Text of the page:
Improved method for generating synthetic data solves major privacy issues in research
A lack of data is a major bottleneck for many kinds of research, and especially for the development of better medical treatments and drugs. This data is extremely sensitive and, understandably, people and companies alike are often unwilling to share their information with others.
Researchers at the Finnish Center for Artificial Intelligence have developed a machine learning-based method that produces synthetic data on the basis of original data sets, making it possible for researchers to share their data with one other. This could solve the ongoing problem of data scarcity in medical research and other fields where information is sensitive.
The generated data preserves privacy, remaining similar enough to the original data to be used for statistical analyses. With the new method, researchers can conduct an infinite number of analyses without compromising the identities of the individuals involved in the original experiment.
“What we do is we tweak the original data sufficiently so that we can mathematically guarantee that no individual can be recognized,” explains Samuel Kaski, Aalto University Professor and Director of FCAI, who co-authored the study.
Researchers have produced and used synthetic data before, but the new study solves a major problem with existing methods.
“We might think that just because data is synthetic, it’s safe. This has not necessarily been the case, though,” explains Kaski.
This is because synthetic data needs to be very similar to the original data set in order to be useful in research. In practice, it has occasionally been possible to identify individuals’ identities despite anonymization.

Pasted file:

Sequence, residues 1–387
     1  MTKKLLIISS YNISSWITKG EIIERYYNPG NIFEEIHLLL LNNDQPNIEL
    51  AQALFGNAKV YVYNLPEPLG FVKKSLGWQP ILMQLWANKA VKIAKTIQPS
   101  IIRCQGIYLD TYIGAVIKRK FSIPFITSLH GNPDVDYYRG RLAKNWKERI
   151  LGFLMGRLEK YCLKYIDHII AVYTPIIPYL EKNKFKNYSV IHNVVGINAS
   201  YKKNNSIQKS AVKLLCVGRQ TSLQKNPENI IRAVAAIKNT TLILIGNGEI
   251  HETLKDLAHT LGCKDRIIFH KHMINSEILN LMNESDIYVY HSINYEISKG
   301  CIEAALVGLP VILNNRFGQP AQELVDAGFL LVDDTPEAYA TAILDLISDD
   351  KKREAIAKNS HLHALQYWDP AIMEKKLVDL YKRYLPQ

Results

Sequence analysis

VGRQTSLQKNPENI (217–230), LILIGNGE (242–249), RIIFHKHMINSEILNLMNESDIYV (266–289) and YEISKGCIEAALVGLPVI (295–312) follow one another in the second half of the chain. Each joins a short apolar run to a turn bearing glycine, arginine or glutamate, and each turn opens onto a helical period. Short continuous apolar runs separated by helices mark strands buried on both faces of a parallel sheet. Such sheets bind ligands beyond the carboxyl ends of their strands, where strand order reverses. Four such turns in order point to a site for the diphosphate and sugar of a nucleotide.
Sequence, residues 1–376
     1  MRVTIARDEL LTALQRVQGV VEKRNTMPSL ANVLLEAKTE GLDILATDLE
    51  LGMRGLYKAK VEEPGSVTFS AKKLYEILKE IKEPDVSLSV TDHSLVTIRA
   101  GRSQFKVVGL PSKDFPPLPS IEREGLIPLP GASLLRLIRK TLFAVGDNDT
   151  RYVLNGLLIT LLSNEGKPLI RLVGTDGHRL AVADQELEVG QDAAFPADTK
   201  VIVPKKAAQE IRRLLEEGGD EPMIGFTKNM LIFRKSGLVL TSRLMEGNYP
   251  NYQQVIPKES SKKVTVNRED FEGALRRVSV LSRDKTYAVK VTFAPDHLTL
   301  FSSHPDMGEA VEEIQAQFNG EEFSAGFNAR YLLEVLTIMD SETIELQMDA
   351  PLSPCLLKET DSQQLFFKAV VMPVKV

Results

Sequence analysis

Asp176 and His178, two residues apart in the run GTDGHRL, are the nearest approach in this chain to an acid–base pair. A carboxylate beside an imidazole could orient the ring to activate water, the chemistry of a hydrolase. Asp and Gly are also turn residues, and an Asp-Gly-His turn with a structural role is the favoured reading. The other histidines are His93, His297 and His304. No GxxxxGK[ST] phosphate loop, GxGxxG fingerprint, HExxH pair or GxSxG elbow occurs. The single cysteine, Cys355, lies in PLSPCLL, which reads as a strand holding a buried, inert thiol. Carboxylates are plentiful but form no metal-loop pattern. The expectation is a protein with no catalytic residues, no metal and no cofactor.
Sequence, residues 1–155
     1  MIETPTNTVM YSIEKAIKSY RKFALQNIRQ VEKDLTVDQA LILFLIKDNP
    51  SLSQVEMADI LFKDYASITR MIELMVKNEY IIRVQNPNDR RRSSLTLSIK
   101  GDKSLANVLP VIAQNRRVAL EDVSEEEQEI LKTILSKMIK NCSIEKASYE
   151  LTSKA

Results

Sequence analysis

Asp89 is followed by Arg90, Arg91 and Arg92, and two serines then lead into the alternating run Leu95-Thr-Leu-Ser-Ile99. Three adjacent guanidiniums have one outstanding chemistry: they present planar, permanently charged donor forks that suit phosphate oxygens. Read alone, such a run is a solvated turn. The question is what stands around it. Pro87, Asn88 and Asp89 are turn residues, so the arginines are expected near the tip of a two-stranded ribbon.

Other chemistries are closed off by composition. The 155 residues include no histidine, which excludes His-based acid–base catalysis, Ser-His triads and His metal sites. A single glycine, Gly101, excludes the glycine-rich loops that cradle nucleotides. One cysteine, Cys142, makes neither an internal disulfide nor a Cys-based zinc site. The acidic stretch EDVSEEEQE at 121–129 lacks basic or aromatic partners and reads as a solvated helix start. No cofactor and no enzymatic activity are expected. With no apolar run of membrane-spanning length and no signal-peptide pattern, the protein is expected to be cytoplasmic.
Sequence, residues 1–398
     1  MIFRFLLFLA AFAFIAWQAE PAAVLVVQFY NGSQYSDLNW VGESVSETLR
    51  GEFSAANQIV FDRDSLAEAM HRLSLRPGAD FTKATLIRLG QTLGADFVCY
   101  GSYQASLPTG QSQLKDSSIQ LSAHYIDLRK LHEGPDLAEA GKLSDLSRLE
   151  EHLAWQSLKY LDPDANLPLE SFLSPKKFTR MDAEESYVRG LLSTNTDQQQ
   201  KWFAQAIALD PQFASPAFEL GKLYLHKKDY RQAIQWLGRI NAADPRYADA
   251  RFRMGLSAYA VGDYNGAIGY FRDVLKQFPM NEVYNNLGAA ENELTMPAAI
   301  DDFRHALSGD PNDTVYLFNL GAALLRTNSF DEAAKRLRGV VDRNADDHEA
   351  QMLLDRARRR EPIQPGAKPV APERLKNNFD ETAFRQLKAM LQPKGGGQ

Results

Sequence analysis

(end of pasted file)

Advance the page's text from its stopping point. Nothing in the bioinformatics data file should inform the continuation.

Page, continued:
To address this problem, FCAI researchers make use of artificial intelligence, specifically probabilistic modeling. This enables them to use prior knowledge about the original data and the processes that have made it the way it is—without getting too close to the properties of the particular data set used as basis for the synthetic data. Such prior knowledge, for instance, could relate to known gender differences in alcohol-related mortalities, or could involve domain knowledge about how a particular data set has been collected.
Making use of prior knowledge has also made the synthetic data sets more useful for making correct statistical discoveries—even in cases where the original data set is limited in size, which is common in medical research.
“Incorporating prior knowledge means we can use the method with small data sets, for which we have domain knowledge,” Kaski says.
The results are published 7 June in the journal Patterns.
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